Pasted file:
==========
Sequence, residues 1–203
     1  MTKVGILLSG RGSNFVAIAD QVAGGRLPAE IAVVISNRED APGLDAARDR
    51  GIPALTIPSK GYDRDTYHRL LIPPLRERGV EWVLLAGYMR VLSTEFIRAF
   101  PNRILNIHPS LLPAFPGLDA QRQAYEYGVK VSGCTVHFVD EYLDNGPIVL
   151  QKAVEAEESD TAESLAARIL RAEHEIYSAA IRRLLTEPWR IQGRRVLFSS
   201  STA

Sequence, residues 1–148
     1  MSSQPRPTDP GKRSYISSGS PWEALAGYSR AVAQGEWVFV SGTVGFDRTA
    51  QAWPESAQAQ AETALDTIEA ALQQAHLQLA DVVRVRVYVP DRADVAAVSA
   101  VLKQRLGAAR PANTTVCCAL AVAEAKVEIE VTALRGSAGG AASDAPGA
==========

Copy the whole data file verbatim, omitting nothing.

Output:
Sequence, residues 1–203
     1  MTKVGILLSG RGSNFVAIAD QVAGGRLPAE IAVVISNRED APGLDAARDR
    51  GIPALTIPSK GYDRDTYHRL LIPPLRERGV EWVLLAGYMR VLSTEFIRAF
   101  PNRILNIHPS LLPAFPGLDA QRQAYEYGVK VSGCTVHFVD EYLDNGPIVL
   151  QKAVEAEESD TAESLAARIL RAEHEIYSAA IRRLLTEPWR IQGRRVLFSS
   201  STA

Sequence, residues 1–148
     1  MSSQPRPTDP GKRSYISSGS PWEALAGYSR AVAQGEWVFV SGTVGFDRTA
    51  QAWPESAQAQ AETALDTIEA ALQQAHLQLA DVVRVRVYVP DRADVAAVSA
   101  VLKQRLGAAR PANTTVCCAL AVAEAKVEIE VTALRGSAGG AASDAPGA